Revised DACA Policy Heads to Court

June 1, 2023

A revised version of the federal Deferred Action for Childhood Arrivals (DACA) policy was set to be heard in a Texas court Thursday—before a federal judge who previously ruled the program illegal.

U.S. District Judge Andrew Hanen was set to preside over a lawsuit brought by nine states to end the program, impacting its nearly 600,000 enrollees, undocumented migrants brought to this country as children known as “Dreamers.”

The suing states—Texas, Alabama, Arkansas, Louisiana, Nebraska, South Carolina, West Virginia, Kansas and Mississippi—have claimed they incur hundreds of millions of dollars in health care, education and other costs when immigrants are allowed to remain in the country illegally.

If the states are successful in their suit, the Dreamers would be prevented from being able to renew their deportation protections and work permits. 

In July 2021 Judge Hanen declared DACA illegal, barring the government from approving any new applications, but leaving the program intact for existing recipients.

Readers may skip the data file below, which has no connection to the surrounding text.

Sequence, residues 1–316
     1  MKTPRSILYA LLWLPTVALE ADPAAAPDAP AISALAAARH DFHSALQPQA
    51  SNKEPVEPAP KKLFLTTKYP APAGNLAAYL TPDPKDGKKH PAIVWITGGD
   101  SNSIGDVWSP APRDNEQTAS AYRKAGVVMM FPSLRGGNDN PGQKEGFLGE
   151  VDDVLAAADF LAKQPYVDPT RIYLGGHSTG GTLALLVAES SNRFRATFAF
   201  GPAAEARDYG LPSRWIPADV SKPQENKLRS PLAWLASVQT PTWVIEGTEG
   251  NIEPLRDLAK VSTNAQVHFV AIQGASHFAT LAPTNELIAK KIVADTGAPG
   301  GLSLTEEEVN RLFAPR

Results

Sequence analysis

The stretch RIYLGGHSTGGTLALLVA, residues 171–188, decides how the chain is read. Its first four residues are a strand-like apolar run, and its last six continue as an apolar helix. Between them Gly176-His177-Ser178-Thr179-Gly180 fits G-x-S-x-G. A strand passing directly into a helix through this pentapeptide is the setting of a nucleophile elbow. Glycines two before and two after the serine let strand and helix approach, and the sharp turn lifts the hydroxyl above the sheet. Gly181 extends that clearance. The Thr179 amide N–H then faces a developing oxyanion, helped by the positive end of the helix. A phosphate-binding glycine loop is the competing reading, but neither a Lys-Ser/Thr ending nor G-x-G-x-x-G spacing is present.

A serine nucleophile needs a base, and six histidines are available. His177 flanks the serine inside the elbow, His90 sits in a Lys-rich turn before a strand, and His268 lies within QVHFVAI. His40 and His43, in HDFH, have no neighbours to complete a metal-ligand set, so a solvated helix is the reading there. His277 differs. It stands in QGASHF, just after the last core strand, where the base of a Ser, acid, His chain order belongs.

The 5th U.S. Circuit Court of Appeals upheld Hanen’s ruling in 2022 but sent the case back to him to review changes to the policy made by the Biden Administration. 

In court filings the nine states have argued that the Administration’s updated version of the program remains “unlawful and unconstitutional.” The states further assert that the Administration overstepped its authority by granting immigration benefits that are for Congress to decide.

The Justice Department has countered that the states have failed to show any direct injury because of DACA. It further asserts in court filings that Congress has given the Department of Homeland Security the “authority and duty to set immigration enforcement policies.”

This hearing comes as the Senate remains stalled on the latest bipartisan immigration proposal—put forth last week by Reps. Maria Elvira Salazar (R-FL) and Veronica Escobar (D-TX)—which would include citizenship for Dreamers along with provisions to step up border security and retool the asylum system.

Sen. John Cornyn (R-TX) has conceded, “I am not optimistic that we are somehow, all of a sudden, going to have an epiphany and figure out how to do comprehensive immigration reform.”

Ahead of Thursday’s hearing, more than 50 DACA supporters gathered near the courthouse, holding up signs that read, “Immigration Reform Now,” “Protect DACA” and “Immigrant Power Immigrant Rights.”

PHOTO: Bob Casey U.S. Courthouse, Houston

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